NEW ORLEANS - Council Vice President Jason Williams has released the following statement in response to a recently-posted Advocate article quoting him on the subject of car burglaries:
"I read the recent article by Dan Fagan and, respectfully, found the headline to be intentionally misleading. It is certainly not my position that vehicle burglaries are a mere inconvenience or nuisance. The article correctly included my long-standing position on car burglaries: "New Orleans councilman Jason Williams this week described the vehicle break-in spree to WDSU television as 'the No. 1 thing burdening our citizens right now."
It is absurd, however, that my clear stance on the issue is completely left out of the title. I have dedicated numerous Criminal Justice Committee meetings to this pressing problem, and I have attended several community meetings across the city, endeavoring to combat this problem over the past year.
I am, in fact, a victim of car burglaries myself. These crimes are costly and disruptive to our days, but they also make us feel less safe, and as we've seen, can lead to very dangerous confrontations. This is why I will continue to examine the issue and best practices to reduce them.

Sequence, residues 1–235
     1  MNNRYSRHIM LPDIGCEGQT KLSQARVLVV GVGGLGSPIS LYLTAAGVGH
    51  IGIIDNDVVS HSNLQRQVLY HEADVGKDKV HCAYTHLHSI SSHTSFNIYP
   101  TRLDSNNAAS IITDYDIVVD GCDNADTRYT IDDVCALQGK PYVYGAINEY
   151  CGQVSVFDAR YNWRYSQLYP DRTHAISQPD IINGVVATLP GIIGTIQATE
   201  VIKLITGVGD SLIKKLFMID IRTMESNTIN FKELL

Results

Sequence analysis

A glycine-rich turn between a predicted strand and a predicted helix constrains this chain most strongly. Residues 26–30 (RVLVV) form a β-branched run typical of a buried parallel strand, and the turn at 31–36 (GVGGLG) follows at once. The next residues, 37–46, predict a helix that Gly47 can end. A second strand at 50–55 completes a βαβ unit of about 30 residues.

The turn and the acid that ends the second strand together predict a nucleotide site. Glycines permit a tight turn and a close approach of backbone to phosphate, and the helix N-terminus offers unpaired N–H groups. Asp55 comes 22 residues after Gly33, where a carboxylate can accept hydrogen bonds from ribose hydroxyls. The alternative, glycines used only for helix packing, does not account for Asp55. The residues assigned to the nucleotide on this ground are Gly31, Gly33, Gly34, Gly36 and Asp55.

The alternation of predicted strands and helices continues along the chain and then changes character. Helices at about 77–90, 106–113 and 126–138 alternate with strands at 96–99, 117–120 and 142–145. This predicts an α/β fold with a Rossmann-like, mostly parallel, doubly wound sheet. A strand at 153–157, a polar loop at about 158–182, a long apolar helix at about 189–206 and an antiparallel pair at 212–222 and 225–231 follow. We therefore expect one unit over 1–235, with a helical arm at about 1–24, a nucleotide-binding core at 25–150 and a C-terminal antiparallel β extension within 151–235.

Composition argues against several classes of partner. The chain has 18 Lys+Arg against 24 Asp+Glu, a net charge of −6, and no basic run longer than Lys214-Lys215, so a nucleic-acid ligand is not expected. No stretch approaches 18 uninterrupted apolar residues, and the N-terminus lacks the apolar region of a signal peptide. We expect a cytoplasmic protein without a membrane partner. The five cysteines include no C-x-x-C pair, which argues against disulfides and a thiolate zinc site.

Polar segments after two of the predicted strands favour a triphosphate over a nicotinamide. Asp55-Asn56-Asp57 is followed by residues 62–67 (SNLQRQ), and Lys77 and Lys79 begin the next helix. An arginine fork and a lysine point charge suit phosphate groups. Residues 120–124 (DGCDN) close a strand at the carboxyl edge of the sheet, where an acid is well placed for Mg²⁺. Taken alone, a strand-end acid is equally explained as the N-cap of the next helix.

Based on the data, it is clear that it is, in fact, a small number of repeat offenders that are plaguing our residents. This means it is a 'manageable' number. I think we have the ability to, and we will tamp it down.
I have been working with my colleagues and other agencies to develop tools and strategies to attack the problem. One of those tools that we have been working diligently to bring back is the electronic monitoring program for use in situations where judges choose to release an alleged perpetrator. The latest technology is state of the art and can be deployed in a way that protects the community and monitors the arrested subject 24 hours a day in real-time. I will continue to push the launch of this tool in the first quarter of this year. I am also looking at how our Real-Time Crime Center infrastructure can be utilized most effectively for faster response time for car burglaries.
Neighborhoods across the city have come together to do their part, and I remain committed to doing the same. The tactic used in this headline is from a familiar playbook that seeks to prey upon the real fears of our people to prop up an otherwise fallacious argument. I won't allow this to deter real work happening in the city to fix this problem.
Finally, I am at a complete loss as to why the writer chose to introduce monuments into a discussion about car burglaries."
Councilmember Jason Roger Williams, At-Large